Nope. They are very persistent. It’s adorable, really. And they have all these little naming games and such and can’t help characterizing all the forces with various personalities. Like, they have this one saying they love to repeat. Let me see if I can get it. It goes: Space meeting Matter says, “Move like this!” and Matter, meeting Space, says, “No, curve!”

So now what are they onto?

Mostly a sense that they are missing something. That it’s right there, on the horizon.

In the part that’s moving away fast, or the slower part?

I don’t know. That’s when they finally opened a window. 


Inspired by this article. And by the work of  Georgi Gospodinov, which often features sentient flies.


By the resident oracle.

Some days it looks like a litany of minor losses––keys, money, what passed for discipline; traffic and burnt popcorn, and the pain at the temples only calls to mind other pains, and the only words that come when you call are all wrong, and too late, dressed for some other occasion, unknown. 

And then comes the cat, unbidden, winding her eloquent tail across your face and back again like a wiper blade in the rain, to remind you, with the calm focus that can only be acquired by one who has just risen from the day’s tenth nap, that you are once again missing the joke.

Working With Silence

With Jorie Graham.

Recognize this astonishment, this awe, this resistance to the hurry of speech. Its pressure signals the weight of what language battles. Here is the rupture, the interrupter; partner; opponent; interrogator; monument. Watch it.

To meet it on its own terms is to welcome some erosion. Each confrontation will put an end to the original witness, the one who meant to do the looking, and wrest from her womb a new creature, sharply aware of being watched.

When the word fists stop swinging, held behind the back, and the shouting mouth surrenders to its hold, what emerges? Here are the boundaries between flesh and time, sealed and open, the words we speak and those unspeaking us.


The above are notes while reading Jorie Graham’s essay “Some Notes on Silence” in By Herself: Women Reclaim Poetry (2000), edited by Molly McQuade. The italicized phrases are Graham’s.

Ends Meeting

Notes from an underground.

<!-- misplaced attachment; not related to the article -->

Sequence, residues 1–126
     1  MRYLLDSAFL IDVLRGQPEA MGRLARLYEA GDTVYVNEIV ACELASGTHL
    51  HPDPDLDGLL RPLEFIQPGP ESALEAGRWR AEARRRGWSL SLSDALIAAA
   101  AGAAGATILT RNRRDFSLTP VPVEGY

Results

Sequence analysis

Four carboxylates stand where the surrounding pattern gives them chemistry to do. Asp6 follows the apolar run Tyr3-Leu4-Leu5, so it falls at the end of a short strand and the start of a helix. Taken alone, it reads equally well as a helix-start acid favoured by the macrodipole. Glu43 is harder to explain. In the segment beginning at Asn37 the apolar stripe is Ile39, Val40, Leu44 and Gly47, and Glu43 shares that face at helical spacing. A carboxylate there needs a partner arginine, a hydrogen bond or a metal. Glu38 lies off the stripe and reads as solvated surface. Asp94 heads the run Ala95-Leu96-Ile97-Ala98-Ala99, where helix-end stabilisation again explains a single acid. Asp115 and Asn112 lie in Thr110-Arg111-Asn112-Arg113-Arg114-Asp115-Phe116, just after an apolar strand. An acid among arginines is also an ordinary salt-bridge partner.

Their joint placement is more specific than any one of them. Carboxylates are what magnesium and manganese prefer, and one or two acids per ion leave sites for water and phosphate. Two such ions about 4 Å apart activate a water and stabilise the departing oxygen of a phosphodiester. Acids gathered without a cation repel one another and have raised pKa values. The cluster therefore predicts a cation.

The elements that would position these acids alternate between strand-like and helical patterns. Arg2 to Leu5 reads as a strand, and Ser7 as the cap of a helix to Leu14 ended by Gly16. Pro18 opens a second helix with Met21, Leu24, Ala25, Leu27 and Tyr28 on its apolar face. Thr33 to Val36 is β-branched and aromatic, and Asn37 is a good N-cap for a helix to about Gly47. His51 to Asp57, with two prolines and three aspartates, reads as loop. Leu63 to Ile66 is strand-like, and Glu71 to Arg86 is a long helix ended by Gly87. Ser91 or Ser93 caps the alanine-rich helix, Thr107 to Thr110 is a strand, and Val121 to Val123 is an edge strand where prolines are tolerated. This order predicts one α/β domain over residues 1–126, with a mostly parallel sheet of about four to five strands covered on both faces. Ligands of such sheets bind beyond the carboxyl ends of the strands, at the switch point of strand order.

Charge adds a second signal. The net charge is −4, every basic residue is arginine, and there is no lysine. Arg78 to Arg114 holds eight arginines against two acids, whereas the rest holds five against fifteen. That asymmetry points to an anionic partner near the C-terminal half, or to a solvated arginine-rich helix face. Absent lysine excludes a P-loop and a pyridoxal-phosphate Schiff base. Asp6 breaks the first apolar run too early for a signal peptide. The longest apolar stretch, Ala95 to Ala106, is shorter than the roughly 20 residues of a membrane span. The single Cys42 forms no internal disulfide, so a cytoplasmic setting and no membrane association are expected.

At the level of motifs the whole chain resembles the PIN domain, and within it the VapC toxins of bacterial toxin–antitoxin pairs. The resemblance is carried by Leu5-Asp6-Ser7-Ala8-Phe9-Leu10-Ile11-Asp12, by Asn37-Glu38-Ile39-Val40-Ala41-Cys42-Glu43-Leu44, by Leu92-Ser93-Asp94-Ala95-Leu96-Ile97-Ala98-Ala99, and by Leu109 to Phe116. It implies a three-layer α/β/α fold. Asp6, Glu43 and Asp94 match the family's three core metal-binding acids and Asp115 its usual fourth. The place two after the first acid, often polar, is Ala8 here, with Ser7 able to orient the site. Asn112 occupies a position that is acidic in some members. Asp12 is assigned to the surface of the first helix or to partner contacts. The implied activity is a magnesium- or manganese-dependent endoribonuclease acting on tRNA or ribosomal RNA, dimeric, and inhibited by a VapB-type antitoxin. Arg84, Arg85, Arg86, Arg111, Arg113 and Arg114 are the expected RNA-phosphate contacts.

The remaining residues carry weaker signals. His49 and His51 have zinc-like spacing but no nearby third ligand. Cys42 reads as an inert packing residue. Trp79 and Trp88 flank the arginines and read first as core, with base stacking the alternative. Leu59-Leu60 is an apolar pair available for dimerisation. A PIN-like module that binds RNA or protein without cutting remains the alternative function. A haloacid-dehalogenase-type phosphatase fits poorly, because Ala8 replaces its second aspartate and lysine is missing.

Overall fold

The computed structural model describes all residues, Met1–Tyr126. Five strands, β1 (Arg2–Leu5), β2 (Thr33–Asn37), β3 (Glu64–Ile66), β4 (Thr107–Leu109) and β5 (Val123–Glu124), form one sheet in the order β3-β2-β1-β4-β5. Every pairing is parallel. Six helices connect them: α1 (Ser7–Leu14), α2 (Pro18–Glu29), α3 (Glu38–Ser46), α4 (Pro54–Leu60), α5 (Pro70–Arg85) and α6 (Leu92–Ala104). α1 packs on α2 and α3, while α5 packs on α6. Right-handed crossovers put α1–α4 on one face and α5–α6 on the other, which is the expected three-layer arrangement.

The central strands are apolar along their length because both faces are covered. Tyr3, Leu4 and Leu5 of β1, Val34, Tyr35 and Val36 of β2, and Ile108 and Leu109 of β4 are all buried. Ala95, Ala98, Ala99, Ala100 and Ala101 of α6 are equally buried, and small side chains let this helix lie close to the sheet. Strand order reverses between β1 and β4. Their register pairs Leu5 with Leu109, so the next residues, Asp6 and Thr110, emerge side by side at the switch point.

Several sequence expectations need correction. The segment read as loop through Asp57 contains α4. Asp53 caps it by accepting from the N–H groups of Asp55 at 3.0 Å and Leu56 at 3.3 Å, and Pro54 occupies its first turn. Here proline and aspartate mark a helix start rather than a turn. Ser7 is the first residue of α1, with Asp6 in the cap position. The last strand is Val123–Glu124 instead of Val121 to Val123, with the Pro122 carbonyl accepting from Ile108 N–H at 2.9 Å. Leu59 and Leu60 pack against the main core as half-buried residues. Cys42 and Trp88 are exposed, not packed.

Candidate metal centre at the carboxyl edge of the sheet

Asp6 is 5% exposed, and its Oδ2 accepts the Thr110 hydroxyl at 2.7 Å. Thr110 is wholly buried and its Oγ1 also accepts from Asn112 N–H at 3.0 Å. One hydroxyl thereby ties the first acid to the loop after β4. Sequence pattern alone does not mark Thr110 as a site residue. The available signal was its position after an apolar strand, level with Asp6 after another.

The border of a wound is sewn to the opposite border until the gap between them recovers its missing substance, the dormant body waiting underground as others come and go, tending. 

They sing as they come and go, tending. They check the dressings, the heart’s drum. They find a song. They avoid demands for answers to the old questions. They are too busy with slow singing. The dormant body has new questions. When it comes, the old ones will no longer matter. They call them forth, the body and its questions. 

What happens in this shelter is mostly waiting and song. The dormant bodies will not come until they are called. They will not approach the old borders with their new questions until they have swelled beyond the lines that held them, and when this happens, they will sing a response.

Bonus Post: Inaugural Video

Notes for travelers in uncertain times.

Hi friends. I am trying a new thing. Often as I do these daily posts, something emerges that tells me it is part of another thing. When this one came up, I decided it was “The Unknowing Project.” Here’s an early iteration. As 2023 unfolds, I intend to do a few more. With love, Stacey.

Storm Photo by Anandu Vinod on Unsplash/ Score: “Alice in Winter”by Azure Instrumental via Soundstripe.

What the Poem Taught

How not to lose the life of life.

It is autumn, she said. And we are going to die. And we have all this choosing to do, with great stakes. And yet, simultaneously: this beloved, ill; this new child, this sudden bird, this love. How often we keep our thinking separate from what we know. For a simple reason: simultaneous submersion within all sensibilities is unbearable.

So, how to know anything? How to keep the life of life in life? Try not knowing. Try reading below the threshold of interpretation. Try burying the head, leaving only the ear. It is possible to transcend personality and arrive. At a shared physical understanding. These songs were always here to pull us into them and we.


The italicized phrase comes from Jorie Graham, whose work inspires this piece.